There are a number of different valuation techniques that can be used to assess the value of a company, and each have their own strengths and weaknesses. We are going to run through a few common valuation techniques and examine their differences:
DCF Techniques: there are a number of discounted cash flow techniques, all sharing the basic premise that the value of a company is the sume of the cash flows a company will produce, discounted at an appropriate cost of capital.
Dividend Discount Model: The dividend discount model uses the dividends paid by the company to assess value. The underlying concept that supports the use of the dividend discount model is that an investor who does not have control of the company will generally receive cash from the company in the form of dividends, which may or may not represent all the cash flow the company generates. Given the investor cannot control the internal cash flows of the company if it does not have control of the company, an investor should only value the cash flows it receives. In this instance, the investor has supplied equity capital into the company, and as such the appropriate discount rate is the cost of equity.
Free Cash Flow to Equity Model: This model discounts all the free cash flow that ends up in the control of the equity holders after paying all expenses and superior capital claims (generally debt, hybrids). This model is appropriate for valuing companies when the capital structure that is in place is expected to remain in place or be changed by existing equity holders over a longer period of time whereby the cost of equity and other capital claims are relatively predictable. One weakness of this model is that it does not look at what the source of the equity cash flows is, and can therefore potentially misvalue cash flows that include debt drawdowns or repayments. The appropriate discount rate again is the cost of equity.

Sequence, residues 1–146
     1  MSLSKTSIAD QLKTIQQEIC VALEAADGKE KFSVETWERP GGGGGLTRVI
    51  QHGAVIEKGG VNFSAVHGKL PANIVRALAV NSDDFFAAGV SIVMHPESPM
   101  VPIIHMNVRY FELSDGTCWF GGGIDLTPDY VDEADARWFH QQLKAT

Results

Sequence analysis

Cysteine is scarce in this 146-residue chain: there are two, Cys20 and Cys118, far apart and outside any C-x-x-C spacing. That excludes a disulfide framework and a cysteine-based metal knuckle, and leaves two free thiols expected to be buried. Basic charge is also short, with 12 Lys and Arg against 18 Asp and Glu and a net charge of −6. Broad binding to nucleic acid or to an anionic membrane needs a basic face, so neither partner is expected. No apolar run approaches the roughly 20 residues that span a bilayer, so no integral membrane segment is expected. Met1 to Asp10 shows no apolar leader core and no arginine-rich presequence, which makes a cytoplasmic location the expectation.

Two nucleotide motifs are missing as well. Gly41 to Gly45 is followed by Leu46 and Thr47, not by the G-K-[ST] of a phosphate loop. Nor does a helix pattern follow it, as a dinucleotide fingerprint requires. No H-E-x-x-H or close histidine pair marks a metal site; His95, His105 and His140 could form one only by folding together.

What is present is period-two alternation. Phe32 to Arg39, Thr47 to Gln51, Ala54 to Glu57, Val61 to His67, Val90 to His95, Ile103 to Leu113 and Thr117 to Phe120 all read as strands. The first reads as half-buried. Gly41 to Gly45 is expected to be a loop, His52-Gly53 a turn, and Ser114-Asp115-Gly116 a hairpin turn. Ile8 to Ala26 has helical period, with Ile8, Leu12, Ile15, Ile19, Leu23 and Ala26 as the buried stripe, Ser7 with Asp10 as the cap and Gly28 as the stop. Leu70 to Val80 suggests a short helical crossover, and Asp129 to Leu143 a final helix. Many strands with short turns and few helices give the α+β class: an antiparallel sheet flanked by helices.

Unlevered Free Cash Flow Model: This model is also often referred to as the Free Cash Flow to the Firm model. This model involves taking the cash flow available to pay all capital providers, assuming the company has an optimal capital structure in place. This model is used in order to value the assets or enterprise of the company instead of a particular tranche of the company's capital structure. It is particularly useful for acquisition valuation, and for distressed situations where the value of the company may be less than the value of debt the company is carrying. The discount rate used in this valuation technique is the weighted average cost of capital (WACC), assuming an optimal capital structure for the company.
Residual Income Model: The residual income model discounts economic profits that the company generates (which is different from cash flows), and again assumes an optimal capital structure. The model uses NOPAT, which is calculated as EBIT x (1 - tax rate) as the 'cash flow' to be discounted, but also deducts a capital charge each year to determine what profit was generated above the cost of capital each year. Again this model uses the WACC as the discount rate.